Church's wounds just may be starting point for bringing people back

Church’s wounds just may be starting point for bringing people back

Church’s wounds just may be starting point for bringing people back

Cardinal Timothy M. Dolan of New York listens to Amal Mare during a visit to a camp for internally displaced families in Ankawa, Iraq, April 9. (Credit: CNS/Paul Jeffrey.)

Speaking to the Napa Institute recently, New York's Cardinal Timothy Dolan took on the modern tendency to want spirituality with a church. The wounds of the church that drive many people away, he suggested, may also be where to start in terms of inviting them back.

Commentary

“If we are not afraid to show our wounds … maybe the other wounded will come back.”

Speaking to the Napa Institute recently on the topic of “Jesus and His Church: What God Has Joined, Man Must Not Divide,” New York’s Cardinal Timothy Dolan spoke to what he described as the greatest pastoral challenges of our day: those who have left the Church and stayed away, and those who have never really seen what Christ in His Church offers them.

The “wounds” he pointed to, primarily, are the glorified wounds of Christ. It is from these that the waters of mercy overflow in the Divine Mercy image, so central to the ongoing jubilee year of mercy and the Gospel entreaty to go to the Divine Physician for healing and forgiveness from our sins and fallen nature.

They point to an encouragement: to be aware and honest about our own wounds — including those in the Body of Christ, the Church.

The inseparability of the Christ from His Church was Dolan’s topic, and mercy was its soul. With a shepherd’s love for lost sheep, he proposed that the way to win souls for Christ may just be to present the world anew our identity as a Church that is family, a family full of flaws and sins — as all are — but also the one true and sure foundation for redemption and eternal hope.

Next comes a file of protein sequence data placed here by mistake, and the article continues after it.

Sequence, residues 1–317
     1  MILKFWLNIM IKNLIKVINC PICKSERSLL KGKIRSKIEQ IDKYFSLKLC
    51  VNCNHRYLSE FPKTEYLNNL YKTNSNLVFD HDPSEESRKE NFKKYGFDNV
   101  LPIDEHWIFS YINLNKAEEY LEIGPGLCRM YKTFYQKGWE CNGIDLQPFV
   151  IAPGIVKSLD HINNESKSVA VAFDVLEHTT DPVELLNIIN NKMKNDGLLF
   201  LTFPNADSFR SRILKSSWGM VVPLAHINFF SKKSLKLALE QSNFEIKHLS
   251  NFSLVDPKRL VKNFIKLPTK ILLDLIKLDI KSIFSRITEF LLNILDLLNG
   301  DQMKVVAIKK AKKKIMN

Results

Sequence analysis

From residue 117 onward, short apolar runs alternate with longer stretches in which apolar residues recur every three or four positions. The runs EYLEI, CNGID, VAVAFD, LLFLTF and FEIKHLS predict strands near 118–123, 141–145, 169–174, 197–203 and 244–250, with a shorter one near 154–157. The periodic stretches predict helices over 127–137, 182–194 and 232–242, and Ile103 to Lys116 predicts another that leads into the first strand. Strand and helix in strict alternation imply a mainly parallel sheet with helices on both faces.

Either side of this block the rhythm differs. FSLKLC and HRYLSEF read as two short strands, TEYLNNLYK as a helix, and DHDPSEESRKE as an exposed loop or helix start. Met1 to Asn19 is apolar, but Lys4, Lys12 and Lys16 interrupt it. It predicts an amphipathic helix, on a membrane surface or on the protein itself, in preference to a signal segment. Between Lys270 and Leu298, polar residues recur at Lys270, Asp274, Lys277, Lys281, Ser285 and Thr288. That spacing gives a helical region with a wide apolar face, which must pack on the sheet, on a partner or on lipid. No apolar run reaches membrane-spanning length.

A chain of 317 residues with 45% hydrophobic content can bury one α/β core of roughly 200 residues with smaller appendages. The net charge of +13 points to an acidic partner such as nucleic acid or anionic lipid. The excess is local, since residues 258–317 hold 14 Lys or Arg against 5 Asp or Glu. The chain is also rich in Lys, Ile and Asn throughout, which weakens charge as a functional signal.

The talk was pregnant with implications for not just individual souls but the renewal of the Church and a re-proposing of the plausibility of family life, even with its inevitable dysfunctions — to which the Church, Dolan said, is not immune.

Dolan referred to the mystical body of Christ as having “many warts,” admitting that at times it can be hard to love the Church because of her imperfections. He was frank about the obstacles people brush up against — why we encounter so many who describe themselves as raised Catholic or fallen away. Scandal and sin, a failure to be who we are called to be by Baptism rank high up there.

“To own up to the flaws, the sins, the failings in our spiritual family, the Church, can be a productive venture,” he said.

He talked about the commonly voiced desire many today have for spirituality without religion, Christ without the Church, a king for a kingdom of one. He quoted Pope Francis pushing back against this, making clear that “we cannot be in communion with God without being in communion with the Church.”

If we believe that Jesus and His Church are one, as he told us, to seek Him without the Church is contrary to what He wants for us.